Fake Google Play Store Downloads Infected Banking Apps On Mobile Devices

Published: February 07, 2022 on our newsletter Security Fraud News & Alerts Newsletter.



We know cybercriminals love hiding malicious apps in Google’s Play Store. It’s still the safest place for Android mobile users to download apps even though it’s been far from perfect. Google does scan apps for malware before making them publicly available, but some make it there regardless of their efforts. So, what do you do when the safest place in the world to download Android apps is itself a fake and malicious site?


According to researchers who discovered this criminal scheme, the fake Play Store downloads malicious banking apps onto mobile devices. The result for victims is those behind this cyber-scam clean out their bank accounts without so much as a clue.



A Clone of Your Own?


Although experts don’t yet know who’s behind the bogus Play Store site, they agree phishing tactics likely lure the victims into clicking on a malicious link leading to the fake website. This bait catches those who follow the link rather than those clicking directly on their Smartphone’s Play Store icon. TechRadar finds the fake page is nearly an exact duplicate of Play Store, making it nearly impossible for users to spot the differences between the clone and the original.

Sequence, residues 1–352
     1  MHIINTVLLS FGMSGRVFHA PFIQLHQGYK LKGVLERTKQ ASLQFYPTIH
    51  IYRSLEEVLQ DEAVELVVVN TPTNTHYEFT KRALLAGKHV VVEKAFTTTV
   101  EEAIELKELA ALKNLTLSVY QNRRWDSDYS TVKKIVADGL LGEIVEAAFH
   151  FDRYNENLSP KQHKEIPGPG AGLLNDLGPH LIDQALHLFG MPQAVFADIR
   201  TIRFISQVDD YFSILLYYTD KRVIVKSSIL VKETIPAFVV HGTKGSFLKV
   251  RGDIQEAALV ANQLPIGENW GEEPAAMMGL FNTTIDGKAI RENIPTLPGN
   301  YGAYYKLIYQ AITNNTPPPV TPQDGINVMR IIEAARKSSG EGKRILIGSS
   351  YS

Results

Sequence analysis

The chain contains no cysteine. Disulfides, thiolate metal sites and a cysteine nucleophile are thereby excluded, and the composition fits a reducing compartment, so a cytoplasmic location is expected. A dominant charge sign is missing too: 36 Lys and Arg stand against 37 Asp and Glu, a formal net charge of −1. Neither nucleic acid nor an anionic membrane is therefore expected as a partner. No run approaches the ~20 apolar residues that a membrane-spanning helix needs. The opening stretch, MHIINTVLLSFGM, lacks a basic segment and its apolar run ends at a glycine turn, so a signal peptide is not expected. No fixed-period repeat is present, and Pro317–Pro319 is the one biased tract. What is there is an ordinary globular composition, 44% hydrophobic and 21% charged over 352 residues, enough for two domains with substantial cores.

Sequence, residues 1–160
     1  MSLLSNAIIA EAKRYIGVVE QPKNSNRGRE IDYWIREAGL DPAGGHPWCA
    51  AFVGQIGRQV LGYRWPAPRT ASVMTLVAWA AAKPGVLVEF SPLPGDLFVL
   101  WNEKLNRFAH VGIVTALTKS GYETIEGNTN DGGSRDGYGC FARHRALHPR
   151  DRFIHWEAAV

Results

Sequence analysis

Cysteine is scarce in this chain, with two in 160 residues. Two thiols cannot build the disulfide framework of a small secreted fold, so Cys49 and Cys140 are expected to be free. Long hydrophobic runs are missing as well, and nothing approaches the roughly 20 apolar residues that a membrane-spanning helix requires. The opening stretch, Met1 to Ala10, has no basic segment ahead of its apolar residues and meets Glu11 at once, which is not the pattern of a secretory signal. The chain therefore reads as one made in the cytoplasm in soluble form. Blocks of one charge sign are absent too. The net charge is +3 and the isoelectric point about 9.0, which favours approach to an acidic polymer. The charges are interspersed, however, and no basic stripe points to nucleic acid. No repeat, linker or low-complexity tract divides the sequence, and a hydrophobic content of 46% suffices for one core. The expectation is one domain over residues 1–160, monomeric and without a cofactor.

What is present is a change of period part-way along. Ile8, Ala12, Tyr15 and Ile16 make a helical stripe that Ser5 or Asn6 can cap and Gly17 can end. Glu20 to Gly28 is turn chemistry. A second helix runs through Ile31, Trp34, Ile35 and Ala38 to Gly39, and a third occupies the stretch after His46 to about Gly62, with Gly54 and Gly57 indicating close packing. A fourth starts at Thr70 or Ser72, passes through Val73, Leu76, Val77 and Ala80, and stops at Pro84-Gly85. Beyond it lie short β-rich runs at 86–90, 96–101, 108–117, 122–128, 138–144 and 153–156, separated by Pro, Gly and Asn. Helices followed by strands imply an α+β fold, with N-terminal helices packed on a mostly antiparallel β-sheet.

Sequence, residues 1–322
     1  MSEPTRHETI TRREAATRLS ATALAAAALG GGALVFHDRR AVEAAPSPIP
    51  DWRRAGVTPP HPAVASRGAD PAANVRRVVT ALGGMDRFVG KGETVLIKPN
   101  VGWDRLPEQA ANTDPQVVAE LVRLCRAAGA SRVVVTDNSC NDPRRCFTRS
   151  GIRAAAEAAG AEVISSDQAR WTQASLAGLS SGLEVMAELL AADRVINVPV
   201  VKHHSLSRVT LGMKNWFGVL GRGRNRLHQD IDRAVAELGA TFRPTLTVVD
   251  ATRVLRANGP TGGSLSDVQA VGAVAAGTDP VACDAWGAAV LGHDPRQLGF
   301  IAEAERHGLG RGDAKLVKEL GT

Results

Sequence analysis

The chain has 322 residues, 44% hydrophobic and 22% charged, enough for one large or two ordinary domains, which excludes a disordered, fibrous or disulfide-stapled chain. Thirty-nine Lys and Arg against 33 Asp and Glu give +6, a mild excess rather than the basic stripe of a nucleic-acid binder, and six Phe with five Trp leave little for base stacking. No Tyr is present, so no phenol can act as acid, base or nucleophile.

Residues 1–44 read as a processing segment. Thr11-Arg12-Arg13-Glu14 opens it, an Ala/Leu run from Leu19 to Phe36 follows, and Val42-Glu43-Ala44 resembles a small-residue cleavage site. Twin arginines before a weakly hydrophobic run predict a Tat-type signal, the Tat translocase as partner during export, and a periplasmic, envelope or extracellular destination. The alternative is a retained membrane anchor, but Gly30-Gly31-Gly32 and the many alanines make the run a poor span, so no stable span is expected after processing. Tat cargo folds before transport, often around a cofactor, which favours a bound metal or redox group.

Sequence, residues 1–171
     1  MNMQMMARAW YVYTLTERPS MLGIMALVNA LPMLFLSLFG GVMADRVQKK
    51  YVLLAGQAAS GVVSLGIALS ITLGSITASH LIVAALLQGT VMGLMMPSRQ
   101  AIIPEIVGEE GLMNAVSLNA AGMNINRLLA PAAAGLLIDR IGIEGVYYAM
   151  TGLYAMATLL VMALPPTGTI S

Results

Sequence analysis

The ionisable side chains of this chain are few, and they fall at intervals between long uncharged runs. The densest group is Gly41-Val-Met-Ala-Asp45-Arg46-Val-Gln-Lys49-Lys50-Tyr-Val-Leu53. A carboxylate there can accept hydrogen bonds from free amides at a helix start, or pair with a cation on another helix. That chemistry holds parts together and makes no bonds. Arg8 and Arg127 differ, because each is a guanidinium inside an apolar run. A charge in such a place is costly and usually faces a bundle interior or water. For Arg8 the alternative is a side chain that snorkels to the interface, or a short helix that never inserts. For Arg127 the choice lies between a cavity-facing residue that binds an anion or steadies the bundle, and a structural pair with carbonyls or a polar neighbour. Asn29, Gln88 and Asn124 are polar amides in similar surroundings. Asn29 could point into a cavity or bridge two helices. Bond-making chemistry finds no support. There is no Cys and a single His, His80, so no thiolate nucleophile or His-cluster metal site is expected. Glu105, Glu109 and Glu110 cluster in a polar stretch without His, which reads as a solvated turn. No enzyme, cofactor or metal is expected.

Although being redirected to the bogus Play Store site is the start of this malicious scheme, the real damage comes when an infected app gets downloaded onto a mobile device. The app first downloads a custom APK (Android Package Kit) installer, a risky file when hackers get hold of them first. The Android OS then uses the information inside the APK to install the fake banking app, and as a result, the device is infected with trojan banking malware.


Avoiding Clone Websites


Following links to a website isn’t recommended because a lot can go wrong, like hacker’s using duplicate sites to steal your PII. Before taking any actions on a website, from online shopping to finances, double and triple check the URL spelling. Bad actors can slip a subtle change into the URL that’s difficult to spot but closely mirrors the authentic spelling. Consider bookmarking the legitimate URL for ease and certainty with future use. Also beware of bad graphics, spelling and awkward grammar as signs of a cloned website.

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